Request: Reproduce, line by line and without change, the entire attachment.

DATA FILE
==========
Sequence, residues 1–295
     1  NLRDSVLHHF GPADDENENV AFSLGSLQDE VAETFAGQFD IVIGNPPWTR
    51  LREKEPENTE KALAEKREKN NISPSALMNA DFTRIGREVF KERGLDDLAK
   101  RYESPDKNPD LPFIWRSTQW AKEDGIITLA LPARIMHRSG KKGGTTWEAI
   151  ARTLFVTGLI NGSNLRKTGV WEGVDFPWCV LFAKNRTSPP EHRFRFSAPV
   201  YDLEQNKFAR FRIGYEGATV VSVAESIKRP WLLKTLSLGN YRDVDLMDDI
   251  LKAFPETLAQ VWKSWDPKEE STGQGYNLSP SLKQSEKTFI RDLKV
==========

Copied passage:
Sequence, residues 1–295
     1  NLRDSVLHHF GPADDENENV AFSLGSLQDE VAETFAGQFD IVIGNPPWTR
    51  LREKEPENTE KALAEKREKN NISPSALMNA DFTRIGREVF KERGLDDLAK
   101  RYESPDKNPD LPFIWRSTQW AKEDGIITLA LPARIMHRSG KKGGTTWEAI
   151  ARTLFVTGLI NGSNLRKTGV WEGVDFPWCV LFAKNRTSPP EHRFRFSAPV
   201  YDLEQNKFAR FRIGYEGATV VSVAESIKRP WLLKTLSLGN YRDVDLMDDI
   251  LKAFPETLAQ VWKSWDPKEE STGQGYNLSP SLKQSEKTFI RDLKV